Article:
Today, at a shrine in the south-western state of Karnataka, near the town of Chikmagalur, the same forces are expected to attempt a re-run of the events which provoked a communal bloodbath in which hundreds died.
Six years ago on Sunday, Hindu nationalists tore down the Babri Masjid mosque in Ayodhya. It stood, they claimed, on the ruins of a Hindu temple marking the birthplace of the Hindu god Ram.
The site where the second action is threatened, known as Baba Budan Giri, is a religious hill town 170 miles from the state capital of Bangalore.
Baba Budan Giri is revered by Hindus and Muslims. It contains a Muslim shrine to the 18th-century mystic Sufi saint, Baba Budan, and a Hindu holy cave of Saint Datthathreya is located next to it.
Hindu leaders said they were not opposed to worship by Muslims at what they saw as their shrine but only sought to draw attention to alleged acts of sacrilege near the holy cave.
"We are only against the desecration of our shrine and are not against worship by both communities side by side," said JS Subba Rao of the Vishwa Hindu Parishad, one of the Hindu groups involved.
About 4,000 Hindus are taking part in processions from different parts of the state to culminate in Baba Budan Giri. Today is the birthday of Saint Datthathreya and five "rath yatras", or Hindu processions, will converge on the shrine with the goal, according to organisers, of "liberating it from Muslim control" .
In anticipation of trouble, 22 platoons of police reserves have been dispatched to the site, barricades have been thrown up to limit the number of people who can approach the shrine at one time to 15, and closed-circuit television has been installed.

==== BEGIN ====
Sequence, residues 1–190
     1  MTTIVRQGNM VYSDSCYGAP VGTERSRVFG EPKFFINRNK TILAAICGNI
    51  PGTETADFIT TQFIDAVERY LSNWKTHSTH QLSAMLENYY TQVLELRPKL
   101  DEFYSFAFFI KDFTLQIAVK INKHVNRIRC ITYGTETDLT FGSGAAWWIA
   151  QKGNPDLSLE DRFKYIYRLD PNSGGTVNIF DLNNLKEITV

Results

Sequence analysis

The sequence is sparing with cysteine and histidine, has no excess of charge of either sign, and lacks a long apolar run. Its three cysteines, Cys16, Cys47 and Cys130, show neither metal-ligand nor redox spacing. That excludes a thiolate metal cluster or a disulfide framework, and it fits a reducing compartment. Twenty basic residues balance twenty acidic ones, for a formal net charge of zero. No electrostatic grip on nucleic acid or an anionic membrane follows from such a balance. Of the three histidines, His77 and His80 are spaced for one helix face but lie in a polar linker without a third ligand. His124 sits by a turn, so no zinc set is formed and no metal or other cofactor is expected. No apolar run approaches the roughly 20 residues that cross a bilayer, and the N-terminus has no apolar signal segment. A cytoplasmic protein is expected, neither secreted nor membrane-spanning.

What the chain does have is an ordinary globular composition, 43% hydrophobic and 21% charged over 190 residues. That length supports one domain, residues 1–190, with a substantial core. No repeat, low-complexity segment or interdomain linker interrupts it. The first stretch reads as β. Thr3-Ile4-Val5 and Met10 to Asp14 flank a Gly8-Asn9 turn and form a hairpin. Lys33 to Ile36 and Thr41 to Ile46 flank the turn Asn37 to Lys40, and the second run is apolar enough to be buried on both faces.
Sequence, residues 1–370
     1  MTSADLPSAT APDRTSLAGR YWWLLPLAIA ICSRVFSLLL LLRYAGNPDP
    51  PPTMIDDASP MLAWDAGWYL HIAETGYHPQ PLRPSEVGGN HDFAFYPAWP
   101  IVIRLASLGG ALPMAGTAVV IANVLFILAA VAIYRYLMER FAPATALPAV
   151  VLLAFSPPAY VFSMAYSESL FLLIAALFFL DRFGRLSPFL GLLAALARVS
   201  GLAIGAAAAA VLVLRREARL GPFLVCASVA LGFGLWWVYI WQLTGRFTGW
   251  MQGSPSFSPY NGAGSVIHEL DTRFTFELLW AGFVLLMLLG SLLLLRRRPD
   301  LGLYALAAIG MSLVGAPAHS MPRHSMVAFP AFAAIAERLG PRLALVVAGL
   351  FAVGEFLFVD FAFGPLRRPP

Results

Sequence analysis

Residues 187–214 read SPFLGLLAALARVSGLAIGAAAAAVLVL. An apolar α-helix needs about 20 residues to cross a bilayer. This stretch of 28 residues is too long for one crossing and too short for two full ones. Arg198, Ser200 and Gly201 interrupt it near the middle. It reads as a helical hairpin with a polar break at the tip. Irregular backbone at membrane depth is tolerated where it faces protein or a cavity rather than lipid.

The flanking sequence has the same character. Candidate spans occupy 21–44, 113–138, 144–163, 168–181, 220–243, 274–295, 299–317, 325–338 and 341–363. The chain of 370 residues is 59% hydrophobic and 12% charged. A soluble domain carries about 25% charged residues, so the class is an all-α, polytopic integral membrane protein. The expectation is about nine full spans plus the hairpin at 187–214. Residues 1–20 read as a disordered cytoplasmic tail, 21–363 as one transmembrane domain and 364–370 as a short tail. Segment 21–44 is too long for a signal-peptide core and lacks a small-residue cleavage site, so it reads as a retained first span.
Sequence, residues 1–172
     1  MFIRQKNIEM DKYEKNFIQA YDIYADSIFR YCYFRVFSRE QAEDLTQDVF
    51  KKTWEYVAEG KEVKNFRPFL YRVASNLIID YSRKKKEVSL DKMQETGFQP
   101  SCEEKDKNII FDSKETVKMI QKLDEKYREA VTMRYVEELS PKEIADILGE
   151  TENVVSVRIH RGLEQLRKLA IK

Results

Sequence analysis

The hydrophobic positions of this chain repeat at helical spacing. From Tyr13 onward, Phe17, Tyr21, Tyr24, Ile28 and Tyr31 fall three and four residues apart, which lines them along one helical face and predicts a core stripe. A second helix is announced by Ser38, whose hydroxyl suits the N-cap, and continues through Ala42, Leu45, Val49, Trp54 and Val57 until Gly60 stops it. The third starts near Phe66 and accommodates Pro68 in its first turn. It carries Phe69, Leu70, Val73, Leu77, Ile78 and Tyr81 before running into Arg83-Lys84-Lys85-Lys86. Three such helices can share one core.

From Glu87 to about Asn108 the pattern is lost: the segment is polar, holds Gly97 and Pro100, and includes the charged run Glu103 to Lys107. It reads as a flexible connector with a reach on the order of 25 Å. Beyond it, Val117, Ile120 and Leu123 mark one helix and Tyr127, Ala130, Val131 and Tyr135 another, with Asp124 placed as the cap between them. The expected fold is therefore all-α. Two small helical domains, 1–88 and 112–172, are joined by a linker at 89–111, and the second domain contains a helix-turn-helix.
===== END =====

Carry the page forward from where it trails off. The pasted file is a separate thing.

The site was peaceful yesterday, with only a handful of Hindu activists chanting slogans.
The authorities are, however, braced for violence today.
When Ayodhya's mosque was demolished, the man heading the yatra which sparked the action was a Hindu nationalist named Lal Krishna Advani. Today, Mr Advani is Minister for Home Affairs in the nationalist BJP party- led government.
Since he and his party gained office eight months ago, the plans to build a vast Hindu temple at Ayodhya have been finalised, and work on the elaborately carved stones is now far advanced. The organisers insist that building will go ahead whether the Supreme Court - now considering the controversy - gives them permission or not.
Today the Ayodhya site is like a war zone, with massed watchtowers and barricades and throngs of soldiers. The Karnataka authorities are deeply alarmed that the Chikmagalur shrine could go the same way.
But a Hindu spokesman said: "Our aim is not to have any confrontation. We recognise it as a place of both Sufi and Hindu saints, and want that it should be a fine example of how two communities can co-exist."
Fine words; but the sort of co-existence envisaged at Ayodhya has one community firmly beneath the other's heel.